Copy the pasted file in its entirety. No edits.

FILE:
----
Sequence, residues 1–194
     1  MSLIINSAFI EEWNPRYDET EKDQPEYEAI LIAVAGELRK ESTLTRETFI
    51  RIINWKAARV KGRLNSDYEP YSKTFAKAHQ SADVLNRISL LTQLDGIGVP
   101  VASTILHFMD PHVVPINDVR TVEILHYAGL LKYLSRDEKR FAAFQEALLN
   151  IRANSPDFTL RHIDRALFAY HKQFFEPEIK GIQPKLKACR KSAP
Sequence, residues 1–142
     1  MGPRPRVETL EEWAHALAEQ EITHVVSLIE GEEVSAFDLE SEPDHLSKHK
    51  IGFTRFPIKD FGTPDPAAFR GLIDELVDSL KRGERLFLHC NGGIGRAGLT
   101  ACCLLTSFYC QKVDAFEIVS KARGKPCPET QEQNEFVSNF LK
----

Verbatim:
Sequence, residues 1–194
     1  MSLIINSAFI EEWNPRYDET EKDQPEYEAI LIAVAGELRK ESTLTRETFI
    51  RIINWKAARV KGRLNSDYEP YSKTFAKAHQ SADVLNRISL LTQLDGIGVP
   101  VASTILHFMD PHVVPINDVR TVEILHYAGL LKYLSRDEKR FAAFQEALLN
   151  IRANSPDFTL RHIDRALFAY HKQFFEPEIK GIQPKLKACR KSAP
Sequence, residues 1–142
     1  MGPRPRVETL EEWAHALAEQ EITHVVSLIE GEEVSAFDLE SEPDHLSKHK
    51  IGFTRFPIKD FGTPDPAAFR GLIDELVDSL KRGERLFLHC NGGIGRAGLT
   101  ACCLLTSFYC QKVDAFEIVS KARGKPCPET QEQNEFVSNF LK